Caring for someone with Alzheimer’s Disease can be overwhelming and seeing the person you love struggle with loss of memory, and eventual loss of identity, takes a huge enormous emotional and physical toll on caregivers.
If you are a caregiver, pay attention to the following signs of caregiver stress:
Excessive stress and tension
Persistent anxiety, anger, or guilt
Extreme irritability or anger with the person with memory loss
Change in sleep habits
Change in eating habits
Ways you can help avoid caregiver stress:
Walking, yoga and jogging are all great ways to help reduce stress. As your brain and heart receive the benefits of exercise, the caregiver will feel more relaxed and find they have more energy.
Keep a journal
Keeping a journal can help reduce stress and you don’t have to worry about being a professional writer. Your journal is for your eyes only, and gives you the opportunity to express your feelings and emotions. It can be very healing.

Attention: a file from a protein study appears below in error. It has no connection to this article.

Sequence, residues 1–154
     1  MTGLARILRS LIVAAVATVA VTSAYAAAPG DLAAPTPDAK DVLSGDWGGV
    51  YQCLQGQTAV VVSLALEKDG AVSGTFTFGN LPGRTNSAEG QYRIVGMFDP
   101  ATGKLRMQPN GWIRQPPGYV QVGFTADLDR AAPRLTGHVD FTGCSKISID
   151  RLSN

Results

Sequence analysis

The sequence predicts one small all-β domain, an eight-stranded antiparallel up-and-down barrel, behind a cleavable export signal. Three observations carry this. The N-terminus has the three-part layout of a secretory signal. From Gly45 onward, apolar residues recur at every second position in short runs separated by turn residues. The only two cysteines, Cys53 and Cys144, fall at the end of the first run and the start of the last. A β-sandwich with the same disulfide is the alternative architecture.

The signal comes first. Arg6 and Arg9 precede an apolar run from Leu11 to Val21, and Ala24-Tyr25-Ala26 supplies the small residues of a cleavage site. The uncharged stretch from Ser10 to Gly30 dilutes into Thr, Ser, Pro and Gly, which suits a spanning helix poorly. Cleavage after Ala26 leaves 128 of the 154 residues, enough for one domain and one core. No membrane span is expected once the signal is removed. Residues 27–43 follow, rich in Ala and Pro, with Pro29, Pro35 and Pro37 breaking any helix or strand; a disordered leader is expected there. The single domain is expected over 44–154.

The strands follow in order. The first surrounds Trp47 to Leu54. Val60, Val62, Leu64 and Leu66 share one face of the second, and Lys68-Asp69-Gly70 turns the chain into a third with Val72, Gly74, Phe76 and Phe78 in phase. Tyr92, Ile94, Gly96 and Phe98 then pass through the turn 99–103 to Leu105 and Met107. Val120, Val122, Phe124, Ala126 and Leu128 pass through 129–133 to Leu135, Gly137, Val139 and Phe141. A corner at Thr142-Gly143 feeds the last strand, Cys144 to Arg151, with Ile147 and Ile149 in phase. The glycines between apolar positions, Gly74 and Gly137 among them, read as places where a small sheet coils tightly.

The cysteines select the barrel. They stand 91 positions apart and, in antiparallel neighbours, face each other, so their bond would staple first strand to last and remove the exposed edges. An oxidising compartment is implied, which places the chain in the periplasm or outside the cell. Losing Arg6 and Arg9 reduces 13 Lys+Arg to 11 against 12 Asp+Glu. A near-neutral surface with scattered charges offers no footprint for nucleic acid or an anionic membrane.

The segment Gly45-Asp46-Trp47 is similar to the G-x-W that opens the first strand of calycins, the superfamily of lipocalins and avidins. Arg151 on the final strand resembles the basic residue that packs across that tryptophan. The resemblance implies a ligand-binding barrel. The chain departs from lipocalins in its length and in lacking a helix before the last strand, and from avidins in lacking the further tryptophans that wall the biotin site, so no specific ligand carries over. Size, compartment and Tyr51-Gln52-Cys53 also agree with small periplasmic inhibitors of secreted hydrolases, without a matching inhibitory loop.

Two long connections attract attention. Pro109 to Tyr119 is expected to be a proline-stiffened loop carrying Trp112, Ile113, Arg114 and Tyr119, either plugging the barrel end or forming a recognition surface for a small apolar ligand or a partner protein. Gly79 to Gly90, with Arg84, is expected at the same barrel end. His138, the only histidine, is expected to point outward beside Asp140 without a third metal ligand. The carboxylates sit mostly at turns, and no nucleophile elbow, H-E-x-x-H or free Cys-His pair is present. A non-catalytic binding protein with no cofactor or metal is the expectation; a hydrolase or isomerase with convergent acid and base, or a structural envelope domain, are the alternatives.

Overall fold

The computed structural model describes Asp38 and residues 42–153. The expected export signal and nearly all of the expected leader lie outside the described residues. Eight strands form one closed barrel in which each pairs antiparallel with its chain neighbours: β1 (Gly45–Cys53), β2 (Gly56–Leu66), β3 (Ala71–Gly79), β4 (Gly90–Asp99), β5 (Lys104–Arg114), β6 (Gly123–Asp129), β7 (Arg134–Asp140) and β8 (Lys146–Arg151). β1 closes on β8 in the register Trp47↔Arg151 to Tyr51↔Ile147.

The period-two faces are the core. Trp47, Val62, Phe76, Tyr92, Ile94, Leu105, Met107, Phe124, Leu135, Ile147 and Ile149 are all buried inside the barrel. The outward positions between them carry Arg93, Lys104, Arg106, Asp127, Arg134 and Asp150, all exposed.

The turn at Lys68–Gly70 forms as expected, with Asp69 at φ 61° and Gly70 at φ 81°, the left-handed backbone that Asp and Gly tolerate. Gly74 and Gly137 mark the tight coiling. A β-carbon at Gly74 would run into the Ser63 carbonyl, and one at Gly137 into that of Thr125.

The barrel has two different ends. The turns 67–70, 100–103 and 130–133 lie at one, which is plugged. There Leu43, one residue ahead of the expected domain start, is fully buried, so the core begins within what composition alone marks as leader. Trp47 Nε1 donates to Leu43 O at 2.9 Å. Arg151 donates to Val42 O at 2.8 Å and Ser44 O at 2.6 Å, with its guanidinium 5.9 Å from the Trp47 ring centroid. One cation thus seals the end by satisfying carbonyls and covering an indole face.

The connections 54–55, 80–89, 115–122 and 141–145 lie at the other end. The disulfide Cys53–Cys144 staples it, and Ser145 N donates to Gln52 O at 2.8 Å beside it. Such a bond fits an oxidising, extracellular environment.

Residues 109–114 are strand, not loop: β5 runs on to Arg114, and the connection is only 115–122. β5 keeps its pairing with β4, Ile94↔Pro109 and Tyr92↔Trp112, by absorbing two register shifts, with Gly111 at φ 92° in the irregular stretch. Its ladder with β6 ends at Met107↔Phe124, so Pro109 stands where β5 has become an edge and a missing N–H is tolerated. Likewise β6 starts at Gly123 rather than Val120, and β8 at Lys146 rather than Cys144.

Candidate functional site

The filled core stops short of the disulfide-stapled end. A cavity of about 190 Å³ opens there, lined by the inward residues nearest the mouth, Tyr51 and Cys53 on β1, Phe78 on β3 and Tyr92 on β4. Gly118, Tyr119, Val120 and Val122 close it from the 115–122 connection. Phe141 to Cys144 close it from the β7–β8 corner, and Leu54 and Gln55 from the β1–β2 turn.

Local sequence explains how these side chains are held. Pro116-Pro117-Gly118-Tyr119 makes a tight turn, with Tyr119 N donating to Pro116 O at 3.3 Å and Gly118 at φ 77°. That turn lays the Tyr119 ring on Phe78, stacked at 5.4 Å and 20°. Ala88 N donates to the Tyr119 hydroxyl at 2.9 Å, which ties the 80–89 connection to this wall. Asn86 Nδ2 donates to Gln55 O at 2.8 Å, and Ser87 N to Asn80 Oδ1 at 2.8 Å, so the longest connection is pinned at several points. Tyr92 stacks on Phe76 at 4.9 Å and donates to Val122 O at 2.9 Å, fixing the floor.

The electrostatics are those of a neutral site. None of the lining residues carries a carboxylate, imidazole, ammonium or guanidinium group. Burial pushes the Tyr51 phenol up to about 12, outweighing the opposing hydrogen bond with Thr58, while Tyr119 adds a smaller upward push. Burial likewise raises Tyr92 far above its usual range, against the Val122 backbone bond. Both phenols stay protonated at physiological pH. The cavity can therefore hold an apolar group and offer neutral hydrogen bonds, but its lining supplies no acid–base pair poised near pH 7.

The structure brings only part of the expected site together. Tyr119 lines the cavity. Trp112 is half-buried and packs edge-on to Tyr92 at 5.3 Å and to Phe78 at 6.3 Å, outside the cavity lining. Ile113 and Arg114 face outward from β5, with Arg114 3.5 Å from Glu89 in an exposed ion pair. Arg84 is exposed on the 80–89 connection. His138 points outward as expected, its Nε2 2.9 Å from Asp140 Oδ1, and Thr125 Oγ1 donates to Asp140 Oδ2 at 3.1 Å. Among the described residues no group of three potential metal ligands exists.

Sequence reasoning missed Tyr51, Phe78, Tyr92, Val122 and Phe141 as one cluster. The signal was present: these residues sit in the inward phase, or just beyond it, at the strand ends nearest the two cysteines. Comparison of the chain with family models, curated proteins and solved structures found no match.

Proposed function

Talk to people you trust
Having a close friend or family member you can talk to, without holding back, can be very therapeutic. Turning to the people you trust will provide you with the emotional support you need while helping to reduce your stress and anxiety.
Learn to Relax
Taking the time to learn deep breathing techniques, meditation, and practicing mindfulness, can be very beneficial in reducing stress. They have both immediate, and long term benefits and can help you learn to relax when your stress and anxiety is at its highest.
Learn to Let Go
Be willing to let go and delegate some of your caregiving responsibilities to others. As you become more comfortable allowing others to chip-in and help you care for your loved one, you’ll discover that by doing so, you are taking better care of yourself. Use this time to exercise, talk with a friend or practice your relaxation techniques.
CareAcademy’s online classes help family and professional caregivers learn tips and skills to excel, including ways to manage caregiver stress. Find out more!
Elayne has been a professional geriatric care manager for more than 25 years. She was a founding member of the Florida Geriatric Care Managers Association, and she is currently a member of the Case Management Society of America and the American Counseling Association. Elayne is a passionate and caring Alzheimer’s advocate, and a professional trainer and educator.